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Sanders, Omar call for Labor Department investigation of all US Amazon warehouses

The two were joined by 11 other members of Congress, including Alexandria Ocasio-Cortez and presidential candidate Tulsi Gabbard.

Ben Fox Rubin Former senior reporter
Ben Fox Rubin was a senior reporter for CNET News in Manhattan, reporting on Amazon, e-commerce and mobile payments. He previously worked as a reporter for The Wall Street Journal and got his start at newspapers in New York, Connecticut and Massachusetts.
Ben Fox Rubin
4 min read

An Amazon warehouse in Robbinsville, New Jersey 

Ben Fox Rubin/CNET

A group of 13 members of Congress on Tuesday asked the Department of Labor to investigate all of Amazon's US warehouses, citing a long list of concerns about working conditions, labor violations, injuries and mistreatment.

The group is led by Vermont Sen. Bernie Sanders, a Democratic candidate for president, and Rep. Ilhan Omar of Minnesota. The members are all Democrats except Sanders, who's an independent, and include prominent party members including Congresswoman Alexandria Ocasio-Cortez and presidential candidate Tulsi Gabbard.

In a statement Tuesday, Sanders called on the Labor Department's Occupational Safety and Health Administration to open an investigation immediately and "prosecute those responsible to the fullest extent of the law." 

"People who work for a company owned by the wealthiest person in America should not have to risk their lives, health or well-being on the job," he said, referring to Amazon CEO Jeff Bezos. "They must be treated with dignity and respect."

Amazon shot back Tuesday, saying Sanders has an open invitation to visit its warehouses "but to date has never stepped foot in one of our buildings." The company said if Sanders had seen the facilities, he'd have learned that the company already implemented multiple layers of safety protocols at its warehouses. That work includes monthly employee surveys of safety, more than 1 million hours of safety training last year, and $55 million in safety improvement investments in the past year.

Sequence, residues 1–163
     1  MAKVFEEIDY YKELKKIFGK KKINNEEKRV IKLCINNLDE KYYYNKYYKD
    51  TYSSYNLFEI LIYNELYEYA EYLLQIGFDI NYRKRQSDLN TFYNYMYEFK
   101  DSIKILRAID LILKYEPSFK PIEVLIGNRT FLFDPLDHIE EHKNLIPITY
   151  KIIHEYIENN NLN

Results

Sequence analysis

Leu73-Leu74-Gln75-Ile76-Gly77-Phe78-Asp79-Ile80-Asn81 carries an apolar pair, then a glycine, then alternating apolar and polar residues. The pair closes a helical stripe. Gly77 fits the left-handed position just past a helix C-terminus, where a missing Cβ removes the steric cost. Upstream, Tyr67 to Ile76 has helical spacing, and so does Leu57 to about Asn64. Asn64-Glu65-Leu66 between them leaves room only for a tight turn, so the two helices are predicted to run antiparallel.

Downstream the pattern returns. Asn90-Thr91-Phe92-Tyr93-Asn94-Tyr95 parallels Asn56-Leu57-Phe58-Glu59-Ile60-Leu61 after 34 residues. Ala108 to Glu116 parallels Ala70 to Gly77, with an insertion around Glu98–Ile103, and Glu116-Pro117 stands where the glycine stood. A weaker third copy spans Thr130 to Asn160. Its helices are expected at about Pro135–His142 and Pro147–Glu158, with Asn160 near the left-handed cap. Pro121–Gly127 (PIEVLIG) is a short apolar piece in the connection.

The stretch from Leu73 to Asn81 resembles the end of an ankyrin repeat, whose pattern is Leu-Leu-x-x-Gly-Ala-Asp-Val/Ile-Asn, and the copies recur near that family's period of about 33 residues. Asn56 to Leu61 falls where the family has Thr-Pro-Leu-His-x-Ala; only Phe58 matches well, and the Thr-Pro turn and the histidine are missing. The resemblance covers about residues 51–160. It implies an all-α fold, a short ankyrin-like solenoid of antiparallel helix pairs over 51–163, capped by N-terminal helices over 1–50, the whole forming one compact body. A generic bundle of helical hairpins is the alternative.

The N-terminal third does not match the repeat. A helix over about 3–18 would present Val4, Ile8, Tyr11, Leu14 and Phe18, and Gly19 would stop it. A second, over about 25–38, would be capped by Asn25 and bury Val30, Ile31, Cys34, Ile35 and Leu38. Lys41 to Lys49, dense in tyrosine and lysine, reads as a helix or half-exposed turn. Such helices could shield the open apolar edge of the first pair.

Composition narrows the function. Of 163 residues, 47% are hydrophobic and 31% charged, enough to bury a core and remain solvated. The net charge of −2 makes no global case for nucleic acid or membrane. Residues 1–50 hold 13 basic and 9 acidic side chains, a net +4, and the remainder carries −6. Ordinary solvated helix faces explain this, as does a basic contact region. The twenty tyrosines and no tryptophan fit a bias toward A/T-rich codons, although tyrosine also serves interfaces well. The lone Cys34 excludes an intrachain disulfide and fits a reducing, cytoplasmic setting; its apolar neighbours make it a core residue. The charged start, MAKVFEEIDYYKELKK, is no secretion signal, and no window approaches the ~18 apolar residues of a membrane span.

"The allegations outlined in this letter are not an accurate portrayal of activities in our buildings," Amazon said, adding that people as young as 6 can tour the buildings to see for themselves.

Sanders rejected Amazon's suggestion, saying in a tweet Tuesday afternoon he preferred surprise inspections be conducted by the Labor Department.

"I am not interested in a photo op at an Amazon warehouse," Sanders' tweet said. "I am calling for Labor Department inspectors to come in, unannounced, and do thorough investigations of the facilities where hundreds of workers have told me about horrendous conditions and abuse."

The congressional request continues long-running criticisms of how Amazon operates its warehouses, with years of news reports detailing employees being overworked, closely monitored and forced to move faster. While Amazon has faced heavy criticism in the press and from several members of Congress, a comprehensive government report on its warehouse conditions hasn't happened.

Watch this: For these women, working at Amazon while pregnant ends in firings and lawsuits

Sanders' criticisms follow his repeated attacks against Amazon last year, when he called on the company to raise its minimum wage. When it did in October, he congratulated it for making that change.

The congressional group sent a letter requesting an investigation during Prime Day, Amazon's annual summer sale. In its fifth year, Prime Day has started to garner plenty of negative attention, with protests going on across the US and Europe on Monday.

On Wednesday, a Department of Labor spokesperson said: "OSHA has confirmed receipt of the letter. The agency is still reviewing the letter at this time."

Amazon said Monday that Prime Day has "become an opportunity for our critics, including unions, to raise awareness for their cause, in this case, increased membership dues." The company has often mentioned that it raised its minimum wage to $15 last year and offers a comprehensive benefits package that includes paid education, parental leave and opportunities for promotion.

Amazon's roughly 300,000 US employees aren't represented by unions.

In Tuesday's letter to OSHA, the members of Congress outlined several workplace problems they want investigated, including a report from Mother Jones that highlighted hazardous warehouse floor conditions that can cause long-term injuries. The group said they've heard hundreds of stories directly from people who worked for Amazon that present extremely poor conditions for employees, including high temperatures, closely monitored productivity that causes workers to avoid bathroom breaks for fear of falling behind, mental health issues, and calls for a faster pace that ultimately lead to injuries.

One former worker, a Navy veteran, said, according to the letter: "There was a point where I would find myself crying on my shift ... I really felt like I just didn't wanna be alive anymore."

"This work environment creates a high risk of physical injuries, a risk increased by Amazon's intentional disregard for the health and safety of their employees," the letter said.

In addition to Omar, Sanders, Gabbard and Ocasio-Cortez, Reps. Rashida Tlaib, Deb Haaland, Ayanna Pressley, Barbara Lee, Jan Schakowsky, Ro Khanna, Al Green, Debbie Dingell and Andy Levin joined the call for an investigation and signed the letter to OSHA.

Originally published July 16, 9:41 a.m. PT.
Update, 11:59 a.m. and 4 p.m. PT on July 16: Adds Amazon's comments and Sanders' response to Amazon invitation. Update, 1:10 p.m. PT on July 17: Adds OSHA comment.